To the Editor:
If we destroy a firm of the stature of Goldman Sachs, which employs 35,000 people, what will we have gained? Sure, it’s good to dissent, to differ in opinion. But to bring them down would be morally wrong. How many of the 35,000 are your neighbors? Do you paint all of them with the same brush, the same as a racist would? When you attempt to destroy Goldman Sachs, will you stop there or will you close down another firm of almost equal size and put 50,000 out on the street? Or Chase, which employs 168,800? Chase loaned 250,000 small businesses $10 billion. Citibank, a giant in the banking and investment world, employs 260,000 people and helped Ford Motor Company go public, which kept thousands of Americans employed.
If 10 percent of a company did an alleged wrong, do you punish the other 90 percent? The other ninety, in all probability, own a home that has a mortgage, and some I am sure have car payments to meet. These, you would rather see on the street. How about the cleaning woman who needs this job more than you, who can find the time to protest? Unemployed people need employed people to sustain them for in a democracy a government can only borrow money that working taxpayers pay into unemployment, Social Security, and federal taxes. The more unemployment, the more taxes working people have to pay.
Marcus Goldman, an immigrant from Germany, was as close to poverty as some protesters think they are. He started out as a peddler with a horse-drawn cart and then became a shop keeper in Philadelphia in 1869. There was no safety net to fall back on as the protesters have. It was guts and hard work of more than 60 hours a week that put him in the position he achieved. He took partners in so others could become successful. Ironically, he helped new businesses get started by becoming a broker in IOUs with his capital on the line.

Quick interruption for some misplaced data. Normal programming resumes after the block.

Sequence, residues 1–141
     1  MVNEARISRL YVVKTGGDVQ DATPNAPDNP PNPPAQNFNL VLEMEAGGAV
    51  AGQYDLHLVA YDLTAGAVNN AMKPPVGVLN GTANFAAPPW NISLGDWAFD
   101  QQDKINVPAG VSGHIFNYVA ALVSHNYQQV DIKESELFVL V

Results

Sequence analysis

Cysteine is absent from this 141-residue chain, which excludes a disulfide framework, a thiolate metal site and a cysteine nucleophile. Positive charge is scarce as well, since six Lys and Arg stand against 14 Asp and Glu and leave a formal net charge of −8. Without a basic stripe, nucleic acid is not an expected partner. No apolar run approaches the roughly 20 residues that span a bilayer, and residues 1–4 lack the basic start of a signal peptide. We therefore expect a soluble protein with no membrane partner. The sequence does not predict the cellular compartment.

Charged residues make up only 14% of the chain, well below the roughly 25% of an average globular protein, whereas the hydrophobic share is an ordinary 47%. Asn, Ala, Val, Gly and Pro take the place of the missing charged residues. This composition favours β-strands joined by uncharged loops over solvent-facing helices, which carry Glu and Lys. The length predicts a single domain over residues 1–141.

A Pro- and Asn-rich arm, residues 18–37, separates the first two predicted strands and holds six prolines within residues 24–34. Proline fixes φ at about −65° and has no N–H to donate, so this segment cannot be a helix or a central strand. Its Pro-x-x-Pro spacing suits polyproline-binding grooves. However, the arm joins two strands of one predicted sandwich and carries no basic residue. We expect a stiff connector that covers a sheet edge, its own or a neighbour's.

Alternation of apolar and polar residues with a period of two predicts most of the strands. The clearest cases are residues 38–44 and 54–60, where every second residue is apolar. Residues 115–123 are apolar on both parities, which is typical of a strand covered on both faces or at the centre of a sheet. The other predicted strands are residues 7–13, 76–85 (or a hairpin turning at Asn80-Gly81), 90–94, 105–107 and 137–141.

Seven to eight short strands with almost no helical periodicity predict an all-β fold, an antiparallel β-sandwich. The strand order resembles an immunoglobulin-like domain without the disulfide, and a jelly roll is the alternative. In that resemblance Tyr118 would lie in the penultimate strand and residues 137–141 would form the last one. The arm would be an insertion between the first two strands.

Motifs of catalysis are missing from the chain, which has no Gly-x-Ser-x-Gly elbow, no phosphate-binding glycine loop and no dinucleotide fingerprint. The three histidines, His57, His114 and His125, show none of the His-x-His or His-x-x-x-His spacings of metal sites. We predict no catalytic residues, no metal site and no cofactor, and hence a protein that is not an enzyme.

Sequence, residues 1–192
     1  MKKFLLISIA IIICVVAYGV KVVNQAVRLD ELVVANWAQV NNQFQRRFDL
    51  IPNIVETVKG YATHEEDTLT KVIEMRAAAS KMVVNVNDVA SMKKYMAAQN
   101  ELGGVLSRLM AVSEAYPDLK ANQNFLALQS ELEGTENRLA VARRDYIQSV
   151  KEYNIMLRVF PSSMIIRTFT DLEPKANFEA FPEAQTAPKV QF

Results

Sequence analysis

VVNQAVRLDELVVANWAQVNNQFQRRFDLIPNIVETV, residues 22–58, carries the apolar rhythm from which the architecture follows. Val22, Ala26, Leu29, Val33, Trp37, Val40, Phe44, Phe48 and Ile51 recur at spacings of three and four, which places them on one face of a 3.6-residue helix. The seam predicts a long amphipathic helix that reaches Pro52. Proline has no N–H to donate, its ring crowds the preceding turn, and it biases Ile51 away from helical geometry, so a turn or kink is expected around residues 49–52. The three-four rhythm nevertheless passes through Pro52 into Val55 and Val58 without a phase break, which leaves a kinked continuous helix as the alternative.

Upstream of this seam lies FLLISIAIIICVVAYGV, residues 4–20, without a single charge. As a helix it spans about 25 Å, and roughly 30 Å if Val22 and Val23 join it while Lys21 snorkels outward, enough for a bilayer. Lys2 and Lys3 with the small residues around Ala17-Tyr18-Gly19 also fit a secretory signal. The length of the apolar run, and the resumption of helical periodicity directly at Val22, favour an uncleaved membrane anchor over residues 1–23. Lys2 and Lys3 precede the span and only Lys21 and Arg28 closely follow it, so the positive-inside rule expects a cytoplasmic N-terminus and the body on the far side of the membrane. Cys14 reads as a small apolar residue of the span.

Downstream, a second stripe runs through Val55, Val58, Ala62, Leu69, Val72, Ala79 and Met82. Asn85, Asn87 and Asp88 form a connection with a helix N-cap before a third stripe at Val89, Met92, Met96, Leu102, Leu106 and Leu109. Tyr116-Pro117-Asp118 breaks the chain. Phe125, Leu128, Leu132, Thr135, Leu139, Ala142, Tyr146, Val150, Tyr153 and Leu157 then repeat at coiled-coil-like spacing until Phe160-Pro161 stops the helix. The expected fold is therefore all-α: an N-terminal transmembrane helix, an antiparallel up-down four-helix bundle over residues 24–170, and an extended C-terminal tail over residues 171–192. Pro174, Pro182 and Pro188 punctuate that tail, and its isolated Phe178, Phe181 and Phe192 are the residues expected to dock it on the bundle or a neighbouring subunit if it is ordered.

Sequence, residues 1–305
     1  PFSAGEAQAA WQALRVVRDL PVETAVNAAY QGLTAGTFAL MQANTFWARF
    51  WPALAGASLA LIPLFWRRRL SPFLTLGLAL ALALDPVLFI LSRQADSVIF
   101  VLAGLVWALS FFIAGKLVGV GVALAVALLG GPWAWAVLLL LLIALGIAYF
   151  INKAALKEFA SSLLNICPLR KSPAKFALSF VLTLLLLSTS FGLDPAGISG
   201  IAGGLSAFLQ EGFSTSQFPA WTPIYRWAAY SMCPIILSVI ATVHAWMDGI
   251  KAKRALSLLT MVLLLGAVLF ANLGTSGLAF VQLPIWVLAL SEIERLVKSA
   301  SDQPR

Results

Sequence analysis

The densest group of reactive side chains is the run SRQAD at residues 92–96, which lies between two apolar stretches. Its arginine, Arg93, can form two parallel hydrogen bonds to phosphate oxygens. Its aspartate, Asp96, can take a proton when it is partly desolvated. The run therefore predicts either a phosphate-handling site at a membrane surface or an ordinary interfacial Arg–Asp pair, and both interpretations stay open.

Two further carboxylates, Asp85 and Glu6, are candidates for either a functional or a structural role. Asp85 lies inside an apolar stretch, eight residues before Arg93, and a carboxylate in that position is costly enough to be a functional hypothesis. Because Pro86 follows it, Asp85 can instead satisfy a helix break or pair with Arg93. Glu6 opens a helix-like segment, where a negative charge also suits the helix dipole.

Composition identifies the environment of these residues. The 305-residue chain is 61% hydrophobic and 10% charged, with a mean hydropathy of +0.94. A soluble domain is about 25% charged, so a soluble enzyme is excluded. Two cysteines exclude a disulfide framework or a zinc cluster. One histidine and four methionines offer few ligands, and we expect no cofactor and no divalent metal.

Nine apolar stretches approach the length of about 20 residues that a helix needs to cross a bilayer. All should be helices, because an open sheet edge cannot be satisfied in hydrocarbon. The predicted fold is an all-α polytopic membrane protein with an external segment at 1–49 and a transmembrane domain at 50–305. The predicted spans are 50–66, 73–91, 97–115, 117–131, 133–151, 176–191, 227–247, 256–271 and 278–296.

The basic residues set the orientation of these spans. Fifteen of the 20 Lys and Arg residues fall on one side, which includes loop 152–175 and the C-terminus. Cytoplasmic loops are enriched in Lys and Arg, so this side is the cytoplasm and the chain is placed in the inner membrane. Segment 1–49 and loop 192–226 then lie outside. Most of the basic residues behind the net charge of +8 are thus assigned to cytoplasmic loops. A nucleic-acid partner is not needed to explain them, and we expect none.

Firms like Goldman Sachs are as necessary today as they were then. Each protestor can do what Marcus did and hang out a shingle like he did and become just as successful. When property owners of brownstones in Brooklyn felt like they were being ripped off by their insurance carriers, they didn’t camp out on Pine Street where most insurance companies were. They used their God-given ability and formed one of the more successful insurance companies in America and were in competition with those they felt had ripped them off. Can you start your own credit card company, bank, etc.? Of course you can. The hours of protesting in a democratic country with the agenda you have are counter-productive. Gather together all the brains who put together this demonstration and with the monies people are giving you, form a bank like Marcus Goldman did. Your capitalization will be 1,000 percent more than his was and your time will be better spent.
THOMAS J. BRAGEN